Should your church sell advertising on its livestream?

A number of pastors have contacted me recently because they have been approached by a local business to advertise their live worship service. In some cases, the congregation has business owners who would like to support the church through their business. In other cases, the COVID church lockdown revealed to marketers a significant audience watching the church online. As a result, they’re approaching pastors about advertising the church on the livestream — but those pastors aren’t sure if it’s appropriate or worth it.

So I asked a range of highly respected pastors, marketing experts and other Christian communications professionals what they would recommend regarding church advertising. Although we didn’t find a consensus, we got a wide range of interesting responses.

Church Advertising – No Shortage of Opinions

– I wouldn’t allow it. The main reason is that you don’t know the ethics of this business owner. Second, the church is run from tithes and offerings. Finally, the singular focus of the online worship experience is the gospel, and it tends to get blurred when we make it into profitable delivery. Also, if that was OK, then why don’t you put ads in your pre-roll video loop in the worship center? It’s the same concept. Movie theaters do it, but I don’t think it’s appropriate for churches. – Executive director of a national church media ministry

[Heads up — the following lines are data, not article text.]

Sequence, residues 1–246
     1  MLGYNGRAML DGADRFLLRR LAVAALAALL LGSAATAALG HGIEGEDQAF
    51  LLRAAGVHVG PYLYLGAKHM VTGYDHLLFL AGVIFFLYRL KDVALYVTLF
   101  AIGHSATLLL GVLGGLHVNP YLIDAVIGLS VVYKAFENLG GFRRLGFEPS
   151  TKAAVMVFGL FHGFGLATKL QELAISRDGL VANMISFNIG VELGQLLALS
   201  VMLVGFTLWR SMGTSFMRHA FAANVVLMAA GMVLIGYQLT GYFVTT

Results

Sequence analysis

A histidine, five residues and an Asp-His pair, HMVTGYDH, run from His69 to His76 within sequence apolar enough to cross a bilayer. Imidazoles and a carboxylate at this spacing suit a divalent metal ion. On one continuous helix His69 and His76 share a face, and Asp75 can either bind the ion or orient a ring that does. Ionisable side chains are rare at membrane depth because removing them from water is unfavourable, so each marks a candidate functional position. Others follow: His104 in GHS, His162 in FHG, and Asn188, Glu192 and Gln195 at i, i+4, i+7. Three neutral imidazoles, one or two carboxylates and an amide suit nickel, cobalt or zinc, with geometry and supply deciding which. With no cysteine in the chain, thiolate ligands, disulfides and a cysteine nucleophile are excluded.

– I say to myself “why not? I would be open early or late. As long as the leadership of this company aligns with our values. For example, I would like to be sponsored by an organization like Pray.com or Museum of the Bible. – Pastor

– If it is a corporate sponsor or a product with no value conflict (florist, clothing store, etc.), this should not be a problem. But the slippery slope is when the church begins to depend on that money to the point of not being able to live without it. Then compromises start to be made. Sponsors may decide that the pastor should move away from a biblical position or soften his doctrine. When a church or ministry becomes dependent on revenue, then the sponsor can become too powerful, and that would never be acceptable. – Christian media producer and former network manager

– We have a local business that sponsors our live stream and that offsets our expenses. However, we do not run video advertising, but display a graphic like “This live stream is sponsored by ____” at the start of the service, as PBS does. We never had any reviews. – Pastor

– I wouldn’t hit him with a 10 foot pole. It’s hopeless for me. And some things must remain sacred and a place of worship is that place. – Church Marketing Director

– I am not sure. I like it but part of me is hesitant. – Pastor

– I think it’s a very slippery slope. You are bound to receive criticism from some people who could probably offset any gains with lower donations. Also, how do you decide who can advertise and who doesn’t? – Marketing and fundraising consultant for the church

– I think it better be worth it! If I did, I would be very intentional about telling the congregation. I would like them to know that it pays for the livestream fee, or the church mortgage, or the children’s ministry. – Marketing Agency CEO

– I think a graphic on the screen at the end would work. – Church fundraising expert

“I think once you open that door, you’ll have a hard time closing it. And others will also want to place ads. If you say no to some (who may be members of the congregation), it may seem like playing favorites. I think there is more to lose than to gain. – Church Marketing Consultant

– Well, churches advertise on other platforms, so I would probably treat that the same way. Does it make sense to them? Are advertisers part of the church? – Church Brand Strategist

Marilyn J. Hernandez